Salsa By Any Other Name

Typically conjuring up images of a raw, spicy, tomato-based condiment (or a spirited dance step, if you’re more of an active sort), salsa by any other parameters can be somewhat difficult to swallow. Divorced from the traditional fixings entirely, nouveau renditions may rely on unexpected bases such as corn, mango, or even coconut- Not a tomato or jalapeño in sight. Are these oddballs really salsa, or just another cold relish? Where is the line drawn, and where would my latest crazy concoction fall?

Composed of rich, creamy chunks of avocado, contrasted by crunchy cubes of jicama, the departure from traditional salsa is further reinforced by the herbaceous, acidic bite of chimichurri. Bold flavors define this gloriously green amalgamation; peppery, lemony, and vinegary all at once, the cooling vegetable backdrop proves to be an excellent canvas on which to paint the Argentinian marinade. It’s the Swiss army knife of toppings, perfectly suitable as a dip with chips, crowning soups and salads, or an hors d’oeuvre in and of itself. Filling the curved interior of endive leaves, a more elegant summer snack could not be served.

Thankfully, it turns out the “salsa” can be literally translated to “sauce” in Spanish, so it looks like anything goes for this expansive category. Although, I have to wonder how sauce-like my creation here is, considering the chunky texture and lack of liquid… But I suppose that’s a discussion for another day.

Chimichurri Avocado Salsa

1 Clove Garlic
2 Scallions, Roughly Chopped
1 (3-Ounce) Bunch Fresh Parsley
Zest of 1 Lemon
1 Tablespoon Extra-Virgin Olive Oil
1/4 Cup Red Wine Vinegar
1 Tablespoon Lemon Juice Juice
1/2 Teaspoon Crushed Red Pepper Flakes
1/2 Teaspoon Salt
3 Ripe, Firm Avocadoes
1 1/2 Cups Finely Diced Jicama*

*To prepare jicama, first slice it in half, pole to pole. Peel the tough brown exterior away and cut it into 1cm slabs. Dice and toss into acidulated water (1 tablespoon of vinegar in about 3 – 4 cups of water should do the trick) to prevent browning. Rinse, drain, and dry thoroughly before using.

Pull out your food processor and toss in the garlic, scallions, parsley, and lemon zest. Pulse a few times to begin breaking down the herbs, pausing as need to scrape down the sides of the bowl and make sure that everything reaches to blades. With the motor running, stream in the oil, vinegar, and lemon juice, until well-combined. Add in the pepper flakes and salt, and continue processing until the herbs are extremely fine, but not completely smooth.

Peel, pit, and dice the avocados, placing it in a large bowl along with the prepared jicama. Toss it with all of the herb mixture until evenly coated and distributed. Serve immediately, or chill for up to a day to allow the flavors to meld. The avocado may darken slightly when held overnight, so place a piece of plastic wrap directly on the surface of the salsa before sealing it in an air-tight container in the fridge to mitigate those effects.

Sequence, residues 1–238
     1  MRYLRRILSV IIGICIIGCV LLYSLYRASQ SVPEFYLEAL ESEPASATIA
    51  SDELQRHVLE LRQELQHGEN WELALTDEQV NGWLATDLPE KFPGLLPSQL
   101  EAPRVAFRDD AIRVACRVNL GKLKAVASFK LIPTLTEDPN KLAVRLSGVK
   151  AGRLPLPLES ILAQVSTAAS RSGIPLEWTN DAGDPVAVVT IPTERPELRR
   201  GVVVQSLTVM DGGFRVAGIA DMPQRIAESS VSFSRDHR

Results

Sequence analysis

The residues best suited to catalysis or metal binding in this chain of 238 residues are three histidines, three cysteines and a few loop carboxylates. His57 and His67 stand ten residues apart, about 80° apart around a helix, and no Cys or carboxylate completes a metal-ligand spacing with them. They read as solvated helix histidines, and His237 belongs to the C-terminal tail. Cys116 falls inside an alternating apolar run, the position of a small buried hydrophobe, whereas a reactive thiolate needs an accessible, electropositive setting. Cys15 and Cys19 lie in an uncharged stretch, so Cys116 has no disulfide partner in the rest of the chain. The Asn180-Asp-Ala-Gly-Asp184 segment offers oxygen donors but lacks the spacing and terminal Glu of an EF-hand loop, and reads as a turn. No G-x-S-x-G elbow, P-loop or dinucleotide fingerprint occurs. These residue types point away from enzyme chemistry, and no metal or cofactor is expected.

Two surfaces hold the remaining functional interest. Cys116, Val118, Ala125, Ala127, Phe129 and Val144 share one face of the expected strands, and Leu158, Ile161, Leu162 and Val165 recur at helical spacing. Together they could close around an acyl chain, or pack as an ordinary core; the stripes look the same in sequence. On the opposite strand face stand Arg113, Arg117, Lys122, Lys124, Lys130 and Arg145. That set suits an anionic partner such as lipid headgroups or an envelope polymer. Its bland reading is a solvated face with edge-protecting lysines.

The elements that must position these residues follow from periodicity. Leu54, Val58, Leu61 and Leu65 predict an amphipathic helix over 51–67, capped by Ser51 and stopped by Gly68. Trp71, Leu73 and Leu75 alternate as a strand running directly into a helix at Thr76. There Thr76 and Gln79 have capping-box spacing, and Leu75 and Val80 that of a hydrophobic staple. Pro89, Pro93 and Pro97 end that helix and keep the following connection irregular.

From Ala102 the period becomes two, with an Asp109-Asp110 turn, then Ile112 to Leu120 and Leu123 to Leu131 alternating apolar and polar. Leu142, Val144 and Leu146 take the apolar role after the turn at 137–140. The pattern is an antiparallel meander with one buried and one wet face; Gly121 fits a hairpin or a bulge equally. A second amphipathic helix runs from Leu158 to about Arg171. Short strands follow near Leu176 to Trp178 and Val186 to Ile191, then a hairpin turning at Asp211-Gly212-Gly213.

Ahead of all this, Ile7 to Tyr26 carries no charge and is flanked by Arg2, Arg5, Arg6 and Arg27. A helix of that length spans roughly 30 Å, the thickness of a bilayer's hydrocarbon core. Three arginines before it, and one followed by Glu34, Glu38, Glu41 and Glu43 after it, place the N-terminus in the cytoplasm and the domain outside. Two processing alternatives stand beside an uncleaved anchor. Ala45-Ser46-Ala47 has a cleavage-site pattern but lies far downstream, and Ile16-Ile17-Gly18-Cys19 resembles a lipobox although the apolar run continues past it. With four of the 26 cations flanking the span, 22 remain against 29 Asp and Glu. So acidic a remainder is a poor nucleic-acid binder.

Makes About 3 Cups

Printable Recipe


30 thoughts on “Salsa By Any Other Name

    1. It’s a vegetable, and it’s actually a tuber like a potato, but it can be eaten raw or cooked. If you can’t get your hands on one, you could substitute chopped water chestnuts in this case. :)

  1. It looks really good. I love salsas. But I’ve never seen a Jicama in any of my supermarkets. Does it taste anything like waterchesnuts because I’m not too keen on them?

    1. Jicama really doesn’t have too much flavor to speak of- It contributes more texture than anything. In that sense, it is similar to water chestnuts. If you’d prefer, you could substitute diced cucumbers to contribute the crunchy contrast, but with a slightly different flavor.

  2. Jicama is almost unfindable over here.. And I have never seen fresh water chestnuts in my life (I did see some canned ones in an Asian supermarket though). Too bad, ’cause it looks delicious :-)

  3. I have never seen Jicama which is so upsetting considering how pretty it is. I love this idea though, I only recently discovered Chimichurri and LOVED the flavours. This recipe is a great idea :)

  4. Beautiful! like summer on a leaf. Love the flavor combination! Jicama seems more widely available nowadays, at least in California. Fresh water chestnuts can sometimes be found at the Asian supermarket, they’re a pain to peel though. :-)

  5. Love the presentation, especially the vessel for displaying the food.

    FYI “Salsa” not only means Sauce in Spanish, it covers a wide spectrum. Anything from from a recipe such as yours, a dip, a relish etc etc to your normal sauces and gravies etc.

  6. This sounds fun to eat, creamy avocado and crunchy jicama…I love how you presented :D
    Have a great week Hanna!

  7. Ah, I can just taste the richness and tender bite of the salsa. As someone who doesn’t like cilantro, this parsley variation looks divine, too.

Leave a Reply